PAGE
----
If you want to construct a comprehensive estate plan, your last will and testament is only one part of it (contrary to popular belief)! If a person dies without an official will, the state laws determine that they have died “intestate,” which results in Texas statutes having the final say on the distribution of the person’s assets.
- Under the law, a will only has legal authority after the person’s death. This means that if that person is incapacitated in any way by illness or injury, then a will is not able to move forward with any desired proceedings.
- Even before a will has any legal authority, it must be delivered to the probate court to be validated. An attorney must be hired, and testimony must be given regarding the contents of the will in question. Then, the probate judge will admit the will into probate which gives it the appropriate legal authority.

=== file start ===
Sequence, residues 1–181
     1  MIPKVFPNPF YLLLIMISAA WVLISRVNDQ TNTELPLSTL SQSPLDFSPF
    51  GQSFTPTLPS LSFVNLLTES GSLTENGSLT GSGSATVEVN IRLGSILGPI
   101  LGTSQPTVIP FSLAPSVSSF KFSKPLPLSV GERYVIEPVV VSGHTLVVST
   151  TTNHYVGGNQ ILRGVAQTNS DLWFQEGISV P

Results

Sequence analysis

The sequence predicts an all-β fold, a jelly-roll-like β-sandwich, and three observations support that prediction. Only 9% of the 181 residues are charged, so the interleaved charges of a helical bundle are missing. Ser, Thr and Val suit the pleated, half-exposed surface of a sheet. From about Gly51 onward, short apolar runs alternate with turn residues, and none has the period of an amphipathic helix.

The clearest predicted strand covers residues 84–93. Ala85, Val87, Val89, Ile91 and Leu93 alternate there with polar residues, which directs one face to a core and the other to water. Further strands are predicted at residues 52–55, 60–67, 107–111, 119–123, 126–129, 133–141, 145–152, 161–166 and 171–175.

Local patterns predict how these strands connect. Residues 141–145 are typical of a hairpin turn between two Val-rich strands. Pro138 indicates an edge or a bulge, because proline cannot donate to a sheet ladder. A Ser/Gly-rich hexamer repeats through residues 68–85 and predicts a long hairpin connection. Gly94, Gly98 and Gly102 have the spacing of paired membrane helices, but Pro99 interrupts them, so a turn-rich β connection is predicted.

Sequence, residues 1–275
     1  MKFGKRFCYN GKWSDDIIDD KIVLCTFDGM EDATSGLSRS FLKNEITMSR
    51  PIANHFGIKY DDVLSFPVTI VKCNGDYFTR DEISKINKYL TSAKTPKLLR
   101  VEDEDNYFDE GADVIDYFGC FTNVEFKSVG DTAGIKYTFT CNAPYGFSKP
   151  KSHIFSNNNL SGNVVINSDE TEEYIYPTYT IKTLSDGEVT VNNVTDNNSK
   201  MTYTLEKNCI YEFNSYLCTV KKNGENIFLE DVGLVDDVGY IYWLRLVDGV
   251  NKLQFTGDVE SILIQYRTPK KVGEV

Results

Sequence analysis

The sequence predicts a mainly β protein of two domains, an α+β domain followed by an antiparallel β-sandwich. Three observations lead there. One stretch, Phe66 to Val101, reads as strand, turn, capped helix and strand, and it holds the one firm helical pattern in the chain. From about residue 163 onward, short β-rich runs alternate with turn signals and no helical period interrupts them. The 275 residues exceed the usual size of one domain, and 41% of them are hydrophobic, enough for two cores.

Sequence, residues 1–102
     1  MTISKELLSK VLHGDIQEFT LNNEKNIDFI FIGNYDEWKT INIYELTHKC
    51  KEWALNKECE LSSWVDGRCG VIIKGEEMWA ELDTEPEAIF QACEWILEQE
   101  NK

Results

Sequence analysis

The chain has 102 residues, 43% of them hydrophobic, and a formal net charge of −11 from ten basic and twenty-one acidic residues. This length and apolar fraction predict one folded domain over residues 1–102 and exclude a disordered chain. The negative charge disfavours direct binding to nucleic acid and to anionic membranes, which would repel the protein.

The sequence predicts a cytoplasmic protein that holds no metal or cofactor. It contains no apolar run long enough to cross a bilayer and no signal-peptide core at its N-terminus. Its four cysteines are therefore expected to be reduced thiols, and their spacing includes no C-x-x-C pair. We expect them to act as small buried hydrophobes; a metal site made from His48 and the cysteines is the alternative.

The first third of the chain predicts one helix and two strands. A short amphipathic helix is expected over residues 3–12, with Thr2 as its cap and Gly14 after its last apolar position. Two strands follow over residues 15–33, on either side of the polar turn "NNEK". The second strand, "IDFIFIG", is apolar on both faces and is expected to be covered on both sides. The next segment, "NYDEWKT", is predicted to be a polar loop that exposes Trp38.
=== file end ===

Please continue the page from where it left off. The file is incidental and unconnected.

- If the person has any minor children, a will is a recommended legal document to select your preferred guardians to take over the care of your children in case they become orphaned. This nomination of legal guardians is a process every parent should go through, to ensure that the custody of their children does not pass to the wrong guardians.
2. Trusts: Revocable Living Trusts, Irrevocable Trusts, Testamentary Trusts, Special Needs Trusts, etc.
A trust is defined as a legal entity, which involves three distinct aspects in the arrangement: the trust-maker, the trust manager, and the trust beneficiary (these can consist of only one person married couple). Trusts are created in a variety of formats, and they vary in terms of complexity and the purposes they serve. In general, these purposes include personal, tax, legal, or investment-related reasons. Below is a list of some examples of trusts: